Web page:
Let Patagonia’s Rivers Run
The fight to dam Patagonia is escalating.
As the namesake of our company, the South American region of Patagonia continues to be a powerful inspiration for our business and for us personally. It truly is one of the world’s last unspoiled natural treasures—wild, vast and rich in its unique attributes and biodiversity.
In honor of this landscape’s significance to us, we’ve partnered with Conservacion Patagonica, a non-profit organization dedicated to protection of wildland ecosystems and biodiversity in the Patagonia region of Chile and Argentina. Together, we have been working toward the goal of creating Patagonia National Park, a world-class park almost the size of Yosemite National Park in California.
In early 2007, we brought you news of a massive hydroelectric project that would dam two of Patagonia’s wild and pristine rivers, the Baker and the Pascua. The Baker River is the largest remaining wild river in Chile and runs right along the edge of the proposed 650,000-acre Patagonia National Park that we are helping to create. The project also calls for a 1,500-mile chain of huge power-line towers to transmit electricity to the north. The power-line corridor would permanently scar an enormous swath of Chile, and open rivers north of Patagonia up to dam building.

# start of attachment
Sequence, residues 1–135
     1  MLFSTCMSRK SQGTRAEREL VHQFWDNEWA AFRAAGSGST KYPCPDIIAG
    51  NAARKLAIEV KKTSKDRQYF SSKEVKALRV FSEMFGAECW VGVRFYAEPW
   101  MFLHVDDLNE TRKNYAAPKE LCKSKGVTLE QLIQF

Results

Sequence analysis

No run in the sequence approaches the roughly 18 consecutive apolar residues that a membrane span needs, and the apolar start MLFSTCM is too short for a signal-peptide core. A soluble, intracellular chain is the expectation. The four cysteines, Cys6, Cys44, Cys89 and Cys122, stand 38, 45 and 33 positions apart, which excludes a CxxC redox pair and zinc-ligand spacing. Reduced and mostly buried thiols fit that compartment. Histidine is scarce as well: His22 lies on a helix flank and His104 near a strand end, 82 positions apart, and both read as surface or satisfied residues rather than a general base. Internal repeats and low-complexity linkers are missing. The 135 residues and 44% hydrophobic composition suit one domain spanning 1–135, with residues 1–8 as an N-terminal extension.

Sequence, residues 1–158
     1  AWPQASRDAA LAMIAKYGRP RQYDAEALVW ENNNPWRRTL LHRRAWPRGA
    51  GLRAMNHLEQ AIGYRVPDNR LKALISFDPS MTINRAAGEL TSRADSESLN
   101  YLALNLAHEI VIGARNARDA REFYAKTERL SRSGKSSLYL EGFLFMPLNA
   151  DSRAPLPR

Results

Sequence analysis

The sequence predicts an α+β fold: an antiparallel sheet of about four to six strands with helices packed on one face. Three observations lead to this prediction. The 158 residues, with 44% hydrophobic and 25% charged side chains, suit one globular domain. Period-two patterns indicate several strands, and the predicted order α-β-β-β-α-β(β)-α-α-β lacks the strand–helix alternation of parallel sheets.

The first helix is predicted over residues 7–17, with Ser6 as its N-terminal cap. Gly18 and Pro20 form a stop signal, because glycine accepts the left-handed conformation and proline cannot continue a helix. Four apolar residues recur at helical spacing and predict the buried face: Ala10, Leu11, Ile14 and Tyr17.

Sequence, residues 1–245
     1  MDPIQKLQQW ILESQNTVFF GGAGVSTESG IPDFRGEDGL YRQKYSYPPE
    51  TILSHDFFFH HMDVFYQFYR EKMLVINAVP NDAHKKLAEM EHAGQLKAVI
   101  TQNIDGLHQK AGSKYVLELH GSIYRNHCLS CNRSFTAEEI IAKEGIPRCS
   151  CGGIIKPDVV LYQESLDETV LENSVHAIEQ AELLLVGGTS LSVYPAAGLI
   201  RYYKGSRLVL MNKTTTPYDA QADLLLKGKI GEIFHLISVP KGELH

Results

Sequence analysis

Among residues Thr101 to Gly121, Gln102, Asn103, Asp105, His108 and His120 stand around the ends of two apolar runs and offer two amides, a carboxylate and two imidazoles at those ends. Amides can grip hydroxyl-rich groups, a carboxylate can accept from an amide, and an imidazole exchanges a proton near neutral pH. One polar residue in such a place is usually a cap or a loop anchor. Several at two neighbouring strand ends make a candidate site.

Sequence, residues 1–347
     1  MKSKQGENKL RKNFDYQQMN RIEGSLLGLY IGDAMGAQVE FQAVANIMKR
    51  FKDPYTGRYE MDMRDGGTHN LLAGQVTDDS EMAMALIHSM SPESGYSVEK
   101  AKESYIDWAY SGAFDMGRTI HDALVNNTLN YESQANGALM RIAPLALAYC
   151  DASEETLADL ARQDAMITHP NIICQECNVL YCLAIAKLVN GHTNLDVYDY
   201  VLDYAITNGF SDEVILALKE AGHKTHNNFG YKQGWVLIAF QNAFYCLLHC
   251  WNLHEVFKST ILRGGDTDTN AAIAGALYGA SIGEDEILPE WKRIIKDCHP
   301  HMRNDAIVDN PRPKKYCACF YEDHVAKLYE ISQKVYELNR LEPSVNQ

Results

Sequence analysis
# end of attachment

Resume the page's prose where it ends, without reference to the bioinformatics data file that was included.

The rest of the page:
Less destructive alternative energy sources are abundant, and the Chilean government may not fully appreciate the significant tourism revenue opportunities that could be gained by safeguarding the natural grandeur of this spectacular area. We need to encourage them not to dam the rivers.
International Rivers is currently working to stop the construction of five huge hydroelectric dams in Chilean Patagonia. They’ve begun a large-scale mailing campaign aimed at influencing key decision-makers in these Patagonia dam projects. To learn more about their campaign, or take action yourself, hit this LINK to help keep Patagonia beautiful, via: International Rivers.
The video below vividly showcases the proposed park’s landscape and makes a compelling case for its protection and restoration. It also touches on the environmental threats to the area of the massive proposed hydroelectric project.